3. If you say “come” and your puppy comes, he is out of all trouble. This is harder than it sounds. One day, I was out with my dog, Lily, and my then-girlfriend, DK. Lily left the yard. Now, keeping in mind that Lily was an adult and we’d worked extensively on “come” and on not leaving the yard, this was a big bad-dog deal. I said, “Lily! Come!” And there was no response. That’s it, I thought. I’m going to kill that dog. I didn’t say come again, because I wanted her to be in trouble for leaving the yard. I went stalking around the side of the house. Just about that time DK shouted, “Lily! Come!” And that time, Lily decided to listen.

What did I do? I grit my teeth together, banked my frustration, left the yard-training for another day, and said, “Good dog, Lily, come!” Your dog has to know that if they come when you call, good things will always happen. This is because if you shout, “COME!” in a panic as your dog shoots across a busy street, they need to know that they’re not in trouble and it’s safe to come back even if you sound angry (which is just what panic sounds like). Which brings us to my final comment:

4. When you practice “come”, do so in a firm tone as well as a cheerful one. Dogs are more likely to come to a cheerful tone, but you’re not going to sound cheerful in an emergency, so you might as well practice both ways so your puppy knows firm tones are also safe!

All of these are things you can start with your puppy from the instant you bring them home, and with consistent practice they’ll be the best recall dogs ever! (Have a dog that already ignores the “come” command? Try these things first, and if they don’t work — call a trainer! There are tricks you can do to break the ignoring habit, but done wrong they can make things worse, so you’ll never see me post them here. Sorry, guys.)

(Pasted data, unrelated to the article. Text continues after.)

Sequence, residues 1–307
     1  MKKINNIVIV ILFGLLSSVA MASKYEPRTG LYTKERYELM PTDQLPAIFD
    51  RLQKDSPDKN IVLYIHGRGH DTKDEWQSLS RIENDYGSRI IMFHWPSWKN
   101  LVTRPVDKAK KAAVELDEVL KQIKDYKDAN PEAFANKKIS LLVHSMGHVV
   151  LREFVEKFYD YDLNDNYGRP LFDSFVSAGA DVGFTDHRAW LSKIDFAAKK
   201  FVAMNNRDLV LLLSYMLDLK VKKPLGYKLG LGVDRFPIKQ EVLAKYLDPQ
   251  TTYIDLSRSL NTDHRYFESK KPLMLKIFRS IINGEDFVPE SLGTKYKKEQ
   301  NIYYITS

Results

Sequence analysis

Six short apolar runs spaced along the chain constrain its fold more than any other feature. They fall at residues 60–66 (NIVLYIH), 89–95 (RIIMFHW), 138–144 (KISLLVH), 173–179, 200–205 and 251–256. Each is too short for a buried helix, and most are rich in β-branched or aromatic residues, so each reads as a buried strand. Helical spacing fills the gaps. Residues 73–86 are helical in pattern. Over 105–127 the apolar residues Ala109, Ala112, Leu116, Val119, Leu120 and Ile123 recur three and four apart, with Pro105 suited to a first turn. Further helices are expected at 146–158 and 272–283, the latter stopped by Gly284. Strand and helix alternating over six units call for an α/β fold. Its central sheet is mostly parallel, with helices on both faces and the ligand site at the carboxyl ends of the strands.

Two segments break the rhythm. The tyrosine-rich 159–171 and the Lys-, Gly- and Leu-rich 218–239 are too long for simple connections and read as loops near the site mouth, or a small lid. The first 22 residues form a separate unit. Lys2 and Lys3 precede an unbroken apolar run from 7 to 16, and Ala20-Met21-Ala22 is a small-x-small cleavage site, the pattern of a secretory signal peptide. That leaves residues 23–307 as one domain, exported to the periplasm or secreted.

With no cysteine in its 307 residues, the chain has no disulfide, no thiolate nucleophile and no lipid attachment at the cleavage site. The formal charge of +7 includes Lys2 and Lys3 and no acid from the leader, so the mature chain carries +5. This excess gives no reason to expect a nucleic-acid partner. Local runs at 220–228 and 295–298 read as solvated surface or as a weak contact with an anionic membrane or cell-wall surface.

Jenna

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Classes!

Occasionally, people ask me about classes. If I can remember, I’ll start putting them on the calendar here!

Classes are on a drop-in basis, and typically only for clients who have already had an assessment. If you’re interested in a specific class, but not private training, contact me and we’ll set up a short, cut-rate assessment so you can come to class and be up to speed with the terminology and what’s expected!

Everyone must have at least a short assessment, so they know the basics. I try to make sure these classes are as safe as possible!

Available classes take place in Los Gatos, by a schedule I send out a few months ahead of time. Typically the Dogs Downtown class takes places on either Saturday or Sunday morning, every other weekend. The other classes vary.

Dogs Downtown Classes:
$15 per household prepaid (non-refundable; you can pay via paypal or check), or $20 the day of. We practice understanding dog body language, on-leash greeting, confidence building, good manners, and walking through crowds and scary downtown things. This is also a good time to catch me if you have questions or problems have cropped up, but you don’t need a whole session.

Off Leash Recall (or “come”) Classes:
$25 per dog, space is limited. You will need to bring treats and a long rope (20 ft or more), and we’ll go through how to get your dog listening and tuned in under medium-stress situations, outdoors. It’s best if your dog is at the stage where they know what “come” means, but choose not to listen occasionally.

Dog Park Classes:
Space in dog park classes is limited for safety’s sake. Cost is $25 per dog. We meet outside the dog park, practice checking dogs for good body language, spotting problems, entering, working with our dogs so they listen even at the dog park, work on recall, and learn how to know when it’s safe to be there and when it’s time to leave.